Apple Music won’t actually launch for a couple more weeks, but a new report reveals how the Cupertino company plans to share its profits with the music industry. Speaking to Re/code, Apple exec Robert Kondrk confirmed the firm will pass 71.5 percent of its subscription fees in the U.S. along to record labels.
Outside of America that number changes slightly, though the global average payout is somewhere around 73 percent. As for Apple Music’s free three-month trial, record labels won’t make any money off those first three months. It’s also unclear how much the company will pay for free streaming through iTunes Radio and its new Beats 1 station.
By comparison, Spotify says it pays roughly 70 percent royalties back to record labels for every stream, regardless of whether it comes from a paying customer or not. Apple offers a slightly better deal though, and Spotify’s free streaming service has never been much of a moneymaker anyway. Instead, it mostly serves as a way to bring in new customers who may eventually switch over to the paid version.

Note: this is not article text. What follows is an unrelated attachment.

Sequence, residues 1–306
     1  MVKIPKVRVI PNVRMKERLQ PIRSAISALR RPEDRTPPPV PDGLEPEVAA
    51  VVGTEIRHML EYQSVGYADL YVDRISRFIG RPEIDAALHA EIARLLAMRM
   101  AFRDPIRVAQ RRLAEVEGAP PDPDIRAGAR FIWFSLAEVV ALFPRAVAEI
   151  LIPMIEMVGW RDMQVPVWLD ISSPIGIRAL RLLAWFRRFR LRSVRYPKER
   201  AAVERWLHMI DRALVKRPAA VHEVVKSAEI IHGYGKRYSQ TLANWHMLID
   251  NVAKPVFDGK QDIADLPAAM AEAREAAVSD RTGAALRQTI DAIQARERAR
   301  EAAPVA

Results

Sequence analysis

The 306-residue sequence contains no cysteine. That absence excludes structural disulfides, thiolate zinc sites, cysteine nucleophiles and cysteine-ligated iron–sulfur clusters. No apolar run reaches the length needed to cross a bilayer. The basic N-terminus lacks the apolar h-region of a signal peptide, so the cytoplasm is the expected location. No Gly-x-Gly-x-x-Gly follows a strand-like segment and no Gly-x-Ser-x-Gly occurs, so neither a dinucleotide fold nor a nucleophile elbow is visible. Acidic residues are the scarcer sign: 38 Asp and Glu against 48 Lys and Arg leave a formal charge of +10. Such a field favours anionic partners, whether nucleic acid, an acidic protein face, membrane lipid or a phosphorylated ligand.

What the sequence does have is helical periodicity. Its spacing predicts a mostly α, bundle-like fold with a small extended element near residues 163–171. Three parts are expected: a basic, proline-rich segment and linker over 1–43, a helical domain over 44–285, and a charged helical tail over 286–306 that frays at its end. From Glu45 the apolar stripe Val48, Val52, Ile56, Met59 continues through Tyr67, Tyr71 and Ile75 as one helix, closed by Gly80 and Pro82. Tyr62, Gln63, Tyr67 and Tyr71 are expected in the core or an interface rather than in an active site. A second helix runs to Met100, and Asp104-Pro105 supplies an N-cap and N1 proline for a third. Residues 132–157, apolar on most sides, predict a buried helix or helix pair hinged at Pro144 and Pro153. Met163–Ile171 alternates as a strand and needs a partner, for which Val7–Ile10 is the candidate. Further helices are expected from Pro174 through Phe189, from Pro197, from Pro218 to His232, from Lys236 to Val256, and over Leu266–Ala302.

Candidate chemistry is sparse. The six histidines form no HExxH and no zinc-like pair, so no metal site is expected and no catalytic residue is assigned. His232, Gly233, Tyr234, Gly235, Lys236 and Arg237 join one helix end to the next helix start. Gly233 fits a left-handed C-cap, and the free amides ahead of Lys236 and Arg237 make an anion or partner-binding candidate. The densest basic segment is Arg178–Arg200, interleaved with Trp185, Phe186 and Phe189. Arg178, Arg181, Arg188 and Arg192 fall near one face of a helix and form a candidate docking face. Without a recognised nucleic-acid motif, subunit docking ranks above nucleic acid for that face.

With Apple Music set to launch at the end of the month, it won’t be long before Spotify has a tough new competitor to deal with. The Swedish streaming giant is also expected to lower its family deal prices to match Apple, though there’s no word on when that will actually happen.